Merze Tate: The WMU, Oxford Alum Who Broke Barriers
While many African Americans in the 1920s and 30s were fighting for basic rights, Western Michigan University alum Merze Tate was traveling the world and attending colleges like Oxford University.
Community Voices magazine editor Sonya Bernard Hollins stumbled upon Tate’s story while writing a local history series for the Kalamazoo Gazette. Now she's published several works on Tate's life - including a traveling photo exhibit, several articles, and a photo biography which will come out in March called The World Through the Lens of Merze Tate.
Humble Beginnings, Big Dreams
Tate was born in 1905 in Blanchard, Michigan. She grew up in Mecosta County with her parents who were the first black settlers there.
Bernard Hollins says they were former underground railroad conductors in Ohio who moved to Michigan to settle land through the Homestead Act.
She says even though they were farmers, Tate's parents encouraged her to achieve the life she wanted.
"Her family had that mentality that - don't feel you have to be a certain thing or in a certain spot. You can do whatever you want, you can go wherever you want," says Bernard Hollins.
Bernard Hollins says what Merze Tate wanted most was to go to the places that she learned about in her history books. Tate graduated high school early, due to a fire that destroyed the school. Nevertheless, Tate was her high school's valedictorian in 10th grade.
Tate continued going to high school in Battle Creek where she saved up money for college by working as a maid.
Merze Tate At Western Michigan University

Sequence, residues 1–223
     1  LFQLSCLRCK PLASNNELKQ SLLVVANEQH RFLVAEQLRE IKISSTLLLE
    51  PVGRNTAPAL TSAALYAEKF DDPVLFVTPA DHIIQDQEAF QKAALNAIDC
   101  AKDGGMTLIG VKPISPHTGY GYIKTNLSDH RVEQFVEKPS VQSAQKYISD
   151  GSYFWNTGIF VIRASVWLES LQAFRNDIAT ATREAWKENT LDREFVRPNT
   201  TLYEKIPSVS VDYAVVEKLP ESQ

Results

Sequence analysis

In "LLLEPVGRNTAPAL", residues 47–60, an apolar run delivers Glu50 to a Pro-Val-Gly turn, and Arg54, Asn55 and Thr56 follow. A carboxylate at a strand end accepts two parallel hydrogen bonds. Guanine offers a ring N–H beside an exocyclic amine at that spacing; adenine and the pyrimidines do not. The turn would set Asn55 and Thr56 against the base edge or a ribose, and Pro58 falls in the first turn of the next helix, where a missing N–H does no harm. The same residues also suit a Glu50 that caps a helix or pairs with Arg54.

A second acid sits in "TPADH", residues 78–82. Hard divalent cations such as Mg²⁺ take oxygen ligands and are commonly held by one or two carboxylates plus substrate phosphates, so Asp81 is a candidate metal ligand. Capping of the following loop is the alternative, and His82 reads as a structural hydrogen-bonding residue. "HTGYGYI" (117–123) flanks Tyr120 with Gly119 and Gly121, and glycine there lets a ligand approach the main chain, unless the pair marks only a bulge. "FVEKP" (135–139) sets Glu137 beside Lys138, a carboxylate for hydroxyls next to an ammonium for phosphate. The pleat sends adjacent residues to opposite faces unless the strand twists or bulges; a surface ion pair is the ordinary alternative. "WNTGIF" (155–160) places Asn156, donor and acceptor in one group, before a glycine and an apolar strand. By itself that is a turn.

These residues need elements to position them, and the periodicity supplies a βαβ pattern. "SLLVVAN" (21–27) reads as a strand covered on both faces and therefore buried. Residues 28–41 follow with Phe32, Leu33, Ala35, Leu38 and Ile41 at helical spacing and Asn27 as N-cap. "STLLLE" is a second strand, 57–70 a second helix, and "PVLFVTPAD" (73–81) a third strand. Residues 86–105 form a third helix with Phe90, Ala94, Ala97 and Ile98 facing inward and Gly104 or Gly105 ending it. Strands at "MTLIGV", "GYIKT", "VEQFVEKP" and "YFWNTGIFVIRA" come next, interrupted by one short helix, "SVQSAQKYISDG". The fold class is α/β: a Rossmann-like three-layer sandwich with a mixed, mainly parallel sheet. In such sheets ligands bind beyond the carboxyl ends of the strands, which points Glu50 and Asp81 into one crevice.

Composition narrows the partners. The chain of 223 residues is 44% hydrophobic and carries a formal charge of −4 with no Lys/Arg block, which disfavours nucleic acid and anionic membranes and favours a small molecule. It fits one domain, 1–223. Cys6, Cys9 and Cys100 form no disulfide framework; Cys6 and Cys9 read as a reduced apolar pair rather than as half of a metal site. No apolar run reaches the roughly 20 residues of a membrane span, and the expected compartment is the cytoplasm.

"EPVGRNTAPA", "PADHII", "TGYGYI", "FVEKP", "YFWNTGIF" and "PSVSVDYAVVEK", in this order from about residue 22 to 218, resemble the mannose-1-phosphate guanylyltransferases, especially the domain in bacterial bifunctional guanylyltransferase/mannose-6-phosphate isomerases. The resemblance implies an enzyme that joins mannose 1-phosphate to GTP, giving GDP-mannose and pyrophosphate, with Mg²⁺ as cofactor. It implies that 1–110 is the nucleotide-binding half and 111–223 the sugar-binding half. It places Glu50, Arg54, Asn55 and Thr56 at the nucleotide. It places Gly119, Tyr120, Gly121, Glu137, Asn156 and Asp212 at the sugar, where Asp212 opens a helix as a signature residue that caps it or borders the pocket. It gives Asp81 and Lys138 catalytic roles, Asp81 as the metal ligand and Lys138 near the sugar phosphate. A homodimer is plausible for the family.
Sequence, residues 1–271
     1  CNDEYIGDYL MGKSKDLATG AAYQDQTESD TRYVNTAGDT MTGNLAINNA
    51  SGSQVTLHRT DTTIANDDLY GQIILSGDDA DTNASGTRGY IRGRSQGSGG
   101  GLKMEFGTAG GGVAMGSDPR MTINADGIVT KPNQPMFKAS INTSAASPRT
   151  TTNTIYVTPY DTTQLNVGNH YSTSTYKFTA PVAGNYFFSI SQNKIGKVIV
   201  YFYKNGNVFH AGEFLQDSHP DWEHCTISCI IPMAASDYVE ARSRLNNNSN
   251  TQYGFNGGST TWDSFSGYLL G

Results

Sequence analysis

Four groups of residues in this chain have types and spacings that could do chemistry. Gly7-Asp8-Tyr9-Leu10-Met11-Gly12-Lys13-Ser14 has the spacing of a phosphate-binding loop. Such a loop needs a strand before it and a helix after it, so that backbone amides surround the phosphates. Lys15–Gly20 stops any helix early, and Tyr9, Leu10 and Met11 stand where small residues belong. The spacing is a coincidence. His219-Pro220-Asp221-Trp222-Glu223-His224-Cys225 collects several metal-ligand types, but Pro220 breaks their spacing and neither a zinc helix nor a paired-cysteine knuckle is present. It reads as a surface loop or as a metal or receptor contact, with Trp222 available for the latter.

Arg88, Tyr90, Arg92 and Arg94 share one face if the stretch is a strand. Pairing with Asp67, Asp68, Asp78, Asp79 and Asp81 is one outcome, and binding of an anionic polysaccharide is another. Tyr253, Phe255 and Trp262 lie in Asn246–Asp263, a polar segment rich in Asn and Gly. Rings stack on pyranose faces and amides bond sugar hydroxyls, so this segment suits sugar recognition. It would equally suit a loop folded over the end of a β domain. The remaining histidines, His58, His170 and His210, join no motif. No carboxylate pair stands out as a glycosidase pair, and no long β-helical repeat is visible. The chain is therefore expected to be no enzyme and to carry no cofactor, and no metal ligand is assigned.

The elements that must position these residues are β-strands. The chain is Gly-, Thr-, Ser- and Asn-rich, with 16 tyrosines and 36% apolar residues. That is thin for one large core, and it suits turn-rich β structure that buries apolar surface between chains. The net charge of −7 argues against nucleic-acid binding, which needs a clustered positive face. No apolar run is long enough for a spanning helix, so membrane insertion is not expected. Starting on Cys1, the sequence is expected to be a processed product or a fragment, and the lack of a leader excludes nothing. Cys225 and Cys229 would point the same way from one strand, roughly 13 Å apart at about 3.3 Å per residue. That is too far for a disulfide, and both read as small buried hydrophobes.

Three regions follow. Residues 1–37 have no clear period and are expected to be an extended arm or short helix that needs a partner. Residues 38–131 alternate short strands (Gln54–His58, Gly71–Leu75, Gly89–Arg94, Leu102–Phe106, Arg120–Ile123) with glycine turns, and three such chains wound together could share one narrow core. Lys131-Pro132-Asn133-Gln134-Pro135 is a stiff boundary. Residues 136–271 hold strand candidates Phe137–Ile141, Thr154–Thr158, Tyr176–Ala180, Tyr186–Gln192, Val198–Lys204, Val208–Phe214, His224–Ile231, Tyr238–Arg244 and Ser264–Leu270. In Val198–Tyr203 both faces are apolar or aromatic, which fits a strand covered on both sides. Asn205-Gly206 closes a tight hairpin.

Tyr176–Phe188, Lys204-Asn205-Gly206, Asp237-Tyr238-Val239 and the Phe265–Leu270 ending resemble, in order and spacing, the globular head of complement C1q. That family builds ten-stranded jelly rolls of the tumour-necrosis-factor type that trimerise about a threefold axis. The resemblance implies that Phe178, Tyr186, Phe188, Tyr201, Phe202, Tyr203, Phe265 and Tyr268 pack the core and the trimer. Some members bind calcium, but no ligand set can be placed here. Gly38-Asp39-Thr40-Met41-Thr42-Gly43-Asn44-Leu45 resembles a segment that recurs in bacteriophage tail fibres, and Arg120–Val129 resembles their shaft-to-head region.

Tate attended Western Michigan Teacher's College which would later become Western Michigan University. She graduated with the highest GPA on record at the time in 1927. Tate was WMU's first African American to earn a bachelors degree.
The Merze Tate Travel Club
Bernard Hollins says despite Tate's grades, schools in Michigan were not hiring black teachers at the time. So Tate got a job as a history teacher at Crispus Attucks High School in Indianapolis - a new school built for African American children during segregation. Tate formed a travel club, where she would take students to places like Washington D.C.
"Merze Tate wanted these kids to see the possibilities in the world," says Bernard Hollins. "You think during the 1920s most of their parents maybe had probably been servants - you know, in homes working as maids or chauffeurs, that type of thing. And they didn't know many professional African Americans, so she wanted to expose them to that."
Many of the children in Tate's travel club made the high school's honor roll and some later attended college.
Tate's Travels and Academic Career
Merze Tate was the first African American to graduate from Oxford University. Tate went on to become a history professor at several college and universities like Barber-Scotia College, Bennett College, Morgan State College, and Howard University.
Tate traveled the globe several times over and even studied in India. Later in life, Tate became an international correspondent for an African American newspaper out of Baltimore.